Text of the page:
There are issues with the printers, too. In case of trauma, or where speed is important, 3D printers can’t just push out a perfectly matching part or organ in seconds. To perform a scan, transfer it into a CAD file to alter it into what is needed, transfer it into an STL file, and print the organ takes time. In addition, it will take time to print the needed part. Also, the skill and knowledge to take a scan from start to finished organ is not one that any hospital currently has (as the technology doesn’t exist yet).

Furthermore, the cost of the printer might cause a barrier to entry. While it may seem like hospitals have plenty of money, some wouldn’t be able to purchase a high-end printer that might cost hundreds of thousands of dollars. As is the case with many industries, this will lead to printing services being performed by third parties, further delaying any 3D bioprinting part from getting to the patient. These third parties might also have their hands tied by regulations that might further delay organ or part delivery.  

Regulations are the main reason for new medical devices to have a long time to market—and for good reason. However, even the FDA started a group to assess technical and regulatory considerations regarding 3D printing. There was also a series of workshop and webinar in 2014 regarding technical considerations of 3D-printed medical devices. Despite this, the FDA still has long and large randomized controlled trials, which require time and funding.

In addition, each state might have its own regulations that will cause further delays. This will be an issue for 3D printing drugs. Often specific doses must go through testing and large, randomized control trails. The idea of 3D printing the exact dose a patient needs could mean testing for each individual pill. Regulations obviously will need to work with the technology but, again, this will take time.

Custom 3D-Printed Dosage Forms and Drug Delivery Devices

Personalized Drug Dosing. A patient’s specific health needs could be mer, and a specific drug or drugs could be printed into a pill for exactly what is needed. For example, if 300mg of a drug is needed, but there is only a pill available in 200  and 500 mg, what would be the right dosage?

Complex Drug-Release Profiles. One of the most researched uses of 3D printing is the complex timed release of drugs. Most drugs are homogeneous compressed doses. Often they are a mix of time- and immediate-release doses. With the ability to print powders in layers, and even the option of printing binders in each layer, 3D printing could offer a concoction of drugs released over time just as the body needs it. People who take multiple pills per day could have them all printed into a single pill. Layers are typically 200 micro meters thick, and with mixing chemicals, adding binders, and barriers, the pharmaceutical industry has a billion-dollar disruptive technology.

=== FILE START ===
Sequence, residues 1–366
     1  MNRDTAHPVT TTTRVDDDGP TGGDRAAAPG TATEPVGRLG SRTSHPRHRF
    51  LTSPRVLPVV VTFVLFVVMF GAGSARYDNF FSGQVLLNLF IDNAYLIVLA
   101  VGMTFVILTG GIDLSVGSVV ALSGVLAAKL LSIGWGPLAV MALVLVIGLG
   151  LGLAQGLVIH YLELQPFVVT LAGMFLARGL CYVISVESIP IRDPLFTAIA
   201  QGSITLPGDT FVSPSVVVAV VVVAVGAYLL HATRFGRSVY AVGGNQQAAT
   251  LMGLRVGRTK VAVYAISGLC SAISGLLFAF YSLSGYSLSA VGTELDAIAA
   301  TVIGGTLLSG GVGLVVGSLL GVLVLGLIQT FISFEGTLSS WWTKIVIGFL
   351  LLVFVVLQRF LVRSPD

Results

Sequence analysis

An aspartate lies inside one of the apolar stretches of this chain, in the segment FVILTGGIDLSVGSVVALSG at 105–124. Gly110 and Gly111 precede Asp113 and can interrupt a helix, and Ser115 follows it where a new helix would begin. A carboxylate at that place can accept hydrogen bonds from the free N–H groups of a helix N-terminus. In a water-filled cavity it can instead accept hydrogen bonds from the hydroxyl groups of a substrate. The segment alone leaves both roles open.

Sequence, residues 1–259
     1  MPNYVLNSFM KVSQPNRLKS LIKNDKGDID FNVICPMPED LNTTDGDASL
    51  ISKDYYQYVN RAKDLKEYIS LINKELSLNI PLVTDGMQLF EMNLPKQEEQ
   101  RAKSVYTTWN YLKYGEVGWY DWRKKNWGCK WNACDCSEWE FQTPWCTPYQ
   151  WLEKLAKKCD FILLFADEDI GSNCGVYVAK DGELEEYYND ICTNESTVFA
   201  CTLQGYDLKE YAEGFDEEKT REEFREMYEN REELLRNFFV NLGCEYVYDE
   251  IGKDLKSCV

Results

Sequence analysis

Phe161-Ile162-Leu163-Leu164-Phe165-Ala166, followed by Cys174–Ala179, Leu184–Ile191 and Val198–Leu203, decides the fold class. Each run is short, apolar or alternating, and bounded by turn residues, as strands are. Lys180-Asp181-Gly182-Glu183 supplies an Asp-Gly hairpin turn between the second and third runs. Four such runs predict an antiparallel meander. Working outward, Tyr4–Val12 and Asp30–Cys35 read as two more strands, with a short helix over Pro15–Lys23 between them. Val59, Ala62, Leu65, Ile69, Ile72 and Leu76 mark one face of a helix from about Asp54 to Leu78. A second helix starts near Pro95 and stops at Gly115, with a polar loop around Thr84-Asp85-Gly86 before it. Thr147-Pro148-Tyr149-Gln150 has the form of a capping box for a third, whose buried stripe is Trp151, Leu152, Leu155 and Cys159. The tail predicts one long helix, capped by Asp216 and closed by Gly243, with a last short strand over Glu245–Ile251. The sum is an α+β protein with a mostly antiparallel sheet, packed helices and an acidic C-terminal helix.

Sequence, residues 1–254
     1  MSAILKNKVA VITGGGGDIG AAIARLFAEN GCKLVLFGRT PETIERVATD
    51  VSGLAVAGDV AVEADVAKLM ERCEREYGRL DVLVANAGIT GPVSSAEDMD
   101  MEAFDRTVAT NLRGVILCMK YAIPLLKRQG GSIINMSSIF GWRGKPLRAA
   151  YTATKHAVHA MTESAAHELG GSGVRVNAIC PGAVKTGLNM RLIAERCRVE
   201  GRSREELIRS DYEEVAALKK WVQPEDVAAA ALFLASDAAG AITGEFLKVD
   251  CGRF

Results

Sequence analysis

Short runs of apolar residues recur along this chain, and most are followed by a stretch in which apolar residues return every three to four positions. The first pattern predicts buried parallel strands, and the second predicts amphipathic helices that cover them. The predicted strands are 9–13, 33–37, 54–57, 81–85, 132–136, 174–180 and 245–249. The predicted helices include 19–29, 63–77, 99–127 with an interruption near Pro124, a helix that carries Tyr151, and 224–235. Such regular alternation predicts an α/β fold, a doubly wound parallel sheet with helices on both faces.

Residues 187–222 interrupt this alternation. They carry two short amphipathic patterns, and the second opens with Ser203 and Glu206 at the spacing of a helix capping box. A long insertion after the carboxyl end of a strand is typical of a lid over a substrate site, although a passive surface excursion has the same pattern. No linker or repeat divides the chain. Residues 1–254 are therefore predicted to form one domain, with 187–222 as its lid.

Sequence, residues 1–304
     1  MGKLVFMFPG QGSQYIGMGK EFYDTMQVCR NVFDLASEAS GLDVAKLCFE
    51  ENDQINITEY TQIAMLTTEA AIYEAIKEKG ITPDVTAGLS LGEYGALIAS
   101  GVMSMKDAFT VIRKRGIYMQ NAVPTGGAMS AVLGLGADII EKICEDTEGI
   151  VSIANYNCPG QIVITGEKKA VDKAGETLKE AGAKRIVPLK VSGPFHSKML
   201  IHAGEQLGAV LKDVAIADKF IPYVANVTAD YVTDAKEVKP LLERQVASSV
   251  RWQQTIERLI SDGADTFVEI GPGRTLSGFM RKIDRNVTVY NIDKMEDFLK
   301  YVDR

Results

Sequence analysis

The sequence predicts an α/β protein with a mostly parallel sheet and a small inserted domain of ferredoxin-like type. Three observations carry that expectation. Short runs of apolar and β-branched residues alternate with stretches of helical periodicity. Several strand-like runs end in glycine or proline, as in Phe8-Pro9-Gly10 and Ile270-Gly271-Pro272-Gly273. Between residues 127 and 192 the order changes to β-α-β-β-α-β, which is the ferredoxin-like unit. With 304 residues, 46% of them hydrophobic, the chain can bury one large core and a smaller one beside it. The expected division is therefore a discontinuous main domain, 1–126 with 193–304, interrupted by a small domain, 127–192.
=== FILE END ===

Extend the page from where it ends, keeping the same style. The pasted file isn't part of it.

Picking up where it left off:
This new personalized medicine could even be advanced to where a pharmacy simple carries the basic elements. Then the pharmaceutical manufacturers are replaced with an e-mail from the doctors, a database of medication formulas, and a 3D printer.

A potential problem is that drugs could be 3D printed. This means if this technology is released it might only be a matter of time until someone uses it for criminal activity. Glasgow chemist Lee Cronin found a way to turn a 3D printer into a universal mixing chemistry set. Since most drugs are just mixes of carbon, hydrogen, oxygen, and perhaps a mix of paraffin and vegetable oil, a 3D printer could use these materials to print whatever you like. While the technology seems to be a bit off in the future, this is enough to worry law enforcement.

Ultimately, sciences push on with the idea that printing complex organs and drugs will cause more benefit than harm. However, the same regulations that are delaying this technology will also be the same regulations that keep this technology in the right hands.

About the Author

Jeff Kerns | Technology Editor

Studying mechanical engineering at Rochester Institute of Technology (RIT), he worked in the Polymer Research Lab. Utilizing RIT’s co-op program Jeff worked for two aerospace companies focusing on drafting, quality, and manufacturing for aerospace fasteners and metallurgy. He also studied abroad living in Dubrovnik, Croatia. After college, he became a commissioning engineer, traveling the world working on precision rotary equipment. Then he attended a few masters courses at the local college, and helped an automation company build equipment.

Growing up in Lancaster County, PA he always liked to tinker, build, and invent. He is ecstatic to be at Machine Design Magazine in New York City and looks forward to producing valuable information in the mechanical industry.